Pietro's Movie Review: BRAVE
Published: June 21, 2012 - 1:17pm
Brave lacked a lot of heart, which unfortunately is the most consistent and important aspect of Pixar's more enjoyable films. What I had hoped to be a film chock full of depth, transcending the typical Disney Princess archetype much like Tangled did, was instead another cash grab that was pretty to look at.
Brave follows Scottish princess Merida as she gallops around on her horse, proves her efficiency with a bow and relishes in the standardized rebellious tomboy role. Her father and mother are attempting to marry her off and she wants nothing of it. Upon making a deal with a witch who lives hidden away in the woods, a deal that she gullibly hopes will help her mother understand her better, Merida is thrust into a journey to save her family and future kingdom. Her relationship with her mother, Queen Elinor, is center stage for the entirety of the film and while it does have it's tender moments it's fraught with role-reversal (mother becomes the student, daughter the teacher) that drags the story out.
Brave has all the elements that make Pixar films fun and endearing, but it's lacking a cohesiveness I've come to expect. There also appears to be no real message or meaning behind the flashy colors and action-oriented antics, things happen because they have to happen. The issue seems to be in whose visual was put on screen. There are three directors and four screenwriters attributed to this film and it shows in the off pacing and lack of risk taking.
On the positive side there is plenty of humor, especially from Merida's three younger brothers who offer cute and quirky laughs akin to an animated Disney-fied version of The Three Stooges, and King Fergus is a joy to see on screen; no little thanks to Billy Connelly's wonderful voice. Kelly Macdonald and Emma Thompson also embody their daughter and mother characters very well, and I could listen to their harsh Scottish burr for hours. At the end of the day, Brave tries too hard to force you to think it has an important meaning, then distract you with pretty visuals long enough that you might forget there really is no meaning. It's a fluff movie for children and I think it will find a healthy audience in it's first few weeks especially with younger girls. But will it hold up to the test of time like so many other of Pixar and Disney's now iconic films and characters? I'm very doubtful.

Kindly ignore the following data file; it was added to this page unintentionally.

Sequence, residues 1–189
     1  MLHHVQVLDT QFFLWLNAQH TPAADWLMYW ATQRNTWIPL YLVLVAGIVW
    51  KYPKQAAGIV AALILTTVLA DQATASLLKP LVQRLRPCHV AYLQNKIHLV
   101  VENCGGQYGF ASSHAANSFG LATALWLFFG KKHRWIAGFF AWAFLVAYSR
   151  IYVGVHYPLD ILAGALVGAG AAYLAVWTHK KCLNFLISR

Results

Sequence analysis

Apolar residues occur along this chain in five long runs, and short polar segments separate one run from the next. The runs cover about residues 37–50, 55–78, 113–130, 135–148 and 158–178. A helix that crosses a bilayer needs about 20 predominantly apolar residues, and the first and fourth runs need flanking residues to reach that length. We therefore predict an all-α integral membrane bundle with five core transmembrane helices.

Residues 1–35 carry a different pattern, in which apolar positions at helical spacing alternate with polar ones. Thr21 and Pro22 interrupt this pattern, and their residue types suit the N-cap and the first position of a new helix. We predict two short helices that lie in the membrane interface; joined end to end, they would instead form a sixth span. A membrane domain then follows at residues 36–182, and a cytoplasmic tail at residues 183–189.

Brave is set in the mystical Scottish Highlands, where Merida is the princess of a kingdom ruled by King Fergus (Billy Connolly) and Queen Elinor (Emma Thompson). An unruly daughter and an accomplished archer, Merida one day defies a sacred custom of the land and inadvertently brings turmoil to the kingdom. In an attempt to set things right, Merida seeks out an eccentric old Wise Woman (Julie Walters) and is granted an ill-fated wish.
Also figuring into Merida's quest - and serving as comic relief - are the kingdom's three lords: the enormous Lord MacGuffin (Kevin McKidd), the surly Lord Macintosh (Craig Ferguson), and the disagreeable Lord Dingwall (Robbie Coltrane).
Brave features the voices of Kelly Macdonald, Billy Connolly, Emma Thompson, Julie Walters, Kevin McKidd, Craig Ferguson and Robbie Coltrane. The film is directed by Brenda Chapman and Mark Andrews and scheduled to hit the big screen on June 22nd, 2012.